Tech Talk: Mapping the way ahead

gvSIG Mini Maps
gvSIG Mini Maps
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IT has always amazed me that more of us don’t complain about the BBC weather forecasts. It’s bad enough that they’re inaccurate and ambiguous to the point of uselessness, but on top of that we have to pay for them twice – once via the taxpayer-funded Met Office and again through the licence fee.

As if to demonstrate that such an arrangement is no longer feasible, another government department has started giving its data away – a move that has begun to bear fruit for people who rely on their mobile phones for directions.

Ordnance Survey maps used to be prohibitively expensive for all but the most dedicated walkers, but the organisation’s new “open source” policy has released its mapping to the developers of apps and widgets which then combine it with other information.

One such app is gvSIG Mini Maps, which melds OS data with familiar online maps from Google and others. All of these have different qualities, but bringing together the best features of each creates a mapping system of unparalleled detail and user-friendliness. And because your phone has a built-in global positioning system it can determine your location wherever you are and put the most appropriate maps at your fingertips. GvSIG is still a work in progress, but you can download free versions now for your Android phone or PC.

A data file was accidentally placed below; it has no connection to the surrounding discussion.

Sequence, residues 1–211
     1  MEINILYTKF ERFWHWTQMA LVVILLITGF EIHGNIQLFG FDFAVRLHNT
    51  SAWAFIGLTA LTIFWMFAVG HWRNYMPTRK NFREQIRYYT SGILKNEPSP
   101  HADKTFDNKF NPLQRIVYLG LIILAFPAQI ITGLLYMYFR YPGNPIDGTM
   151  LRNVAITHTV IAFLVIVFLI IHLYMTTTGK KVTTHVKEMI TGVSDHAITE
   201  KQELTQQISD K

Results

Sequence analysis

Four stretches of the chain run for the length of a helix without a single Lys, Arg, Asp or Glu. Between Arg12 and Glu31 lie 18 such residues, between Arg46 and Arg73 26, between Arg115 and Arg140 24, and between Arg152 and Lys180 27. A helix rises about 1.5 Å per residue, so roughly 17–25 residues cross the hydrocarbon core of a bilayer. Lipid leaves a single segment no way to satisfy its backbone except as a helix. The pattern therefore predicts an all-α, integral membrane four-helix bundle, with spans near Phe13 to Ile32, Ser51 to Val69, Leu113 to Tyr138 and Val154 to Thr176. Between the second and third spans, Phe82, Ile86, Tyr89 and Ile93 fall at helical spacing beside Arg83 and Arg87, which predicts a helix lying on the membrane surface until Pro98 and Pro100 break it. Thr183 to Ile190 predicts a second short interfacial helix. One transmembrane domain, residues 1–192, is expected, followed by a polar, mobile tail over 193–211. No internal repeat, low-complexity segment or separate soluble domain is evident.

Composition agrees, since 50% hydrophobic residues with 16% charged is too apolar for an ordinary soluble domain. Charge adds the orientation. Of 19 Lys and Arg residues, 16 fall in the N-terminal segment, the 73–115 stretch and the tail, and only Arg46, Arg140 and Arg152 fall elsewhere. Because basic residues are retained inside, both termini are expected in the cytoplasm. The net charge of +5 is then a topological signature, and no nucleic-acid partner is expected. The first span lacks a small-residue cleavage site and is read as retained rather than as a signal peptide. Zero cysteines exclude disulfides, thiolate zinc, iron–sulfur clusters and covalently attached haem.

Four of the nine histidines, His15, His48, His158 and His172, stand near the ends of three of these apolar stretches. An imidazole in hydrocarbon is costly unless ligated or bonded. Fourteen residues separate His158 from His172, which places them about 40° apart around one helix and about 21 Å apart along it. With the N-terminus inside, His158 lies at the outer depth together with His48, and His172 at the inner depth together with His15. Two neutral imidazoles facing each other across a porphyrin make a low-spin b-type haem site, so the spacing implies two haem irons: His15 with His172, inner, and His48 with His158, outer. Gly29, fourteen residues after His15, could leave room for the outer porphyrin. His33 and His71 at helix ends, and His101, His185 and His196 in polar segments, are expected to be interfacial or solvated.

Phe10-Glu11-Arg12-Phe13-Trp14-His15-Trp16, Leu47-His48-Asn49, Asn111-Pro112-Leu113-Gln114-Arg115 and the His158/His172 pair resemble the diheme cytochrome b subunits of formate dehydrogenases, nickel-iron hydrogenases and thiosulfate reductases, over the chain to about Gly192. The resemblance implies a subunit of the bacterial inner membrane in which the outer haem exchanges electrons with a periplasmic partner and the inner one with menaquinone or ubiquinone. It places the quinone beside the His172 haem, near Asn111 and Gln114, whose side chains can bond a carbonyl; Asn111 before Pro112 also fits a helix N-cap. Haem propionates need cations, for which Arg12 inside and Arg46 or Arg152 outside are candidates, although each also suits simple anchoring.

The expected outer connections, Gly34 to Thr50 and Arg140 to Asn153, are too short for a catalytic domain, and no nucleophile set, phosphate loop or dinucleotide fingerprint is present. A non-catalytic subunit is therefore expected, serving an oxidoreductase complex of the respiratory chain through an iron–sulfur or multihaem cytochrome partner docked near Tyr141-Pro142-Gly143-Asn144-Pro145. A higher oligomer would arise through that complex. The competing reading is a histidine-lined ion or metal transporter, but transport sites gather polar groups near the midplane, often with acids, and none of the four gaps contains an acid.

Google’s own mapping system is already built into every Android phone and if you’re thinking of taking yours abroad, it’s perhaps even more useful than you realised. It’s now possible to download a section of a map before you set off, and then use the phone’s GPS to get personalised directions without eating up expensive minutes of mobile data. The cost of “data roaming” when you’re out of the country can be extortionate, so this is a way of getting your own back on the phone companies. You can download a map of the whole of Tenerife, say, before you leave home and use it freely while you’re there.

The option for doing this is hard to find, but you can enable it by ticking the “Precache map area” box in the Labs section of Google Maps options.

You can also preload details of traffic delays for your journey, using a free app from the RAC, which uses the live traffic data that conventional sat navs make you pay extra for. And while you’re at it, why not check out your phone’s app store for alternative weather services; they’re nearly all better than the Met Office’s.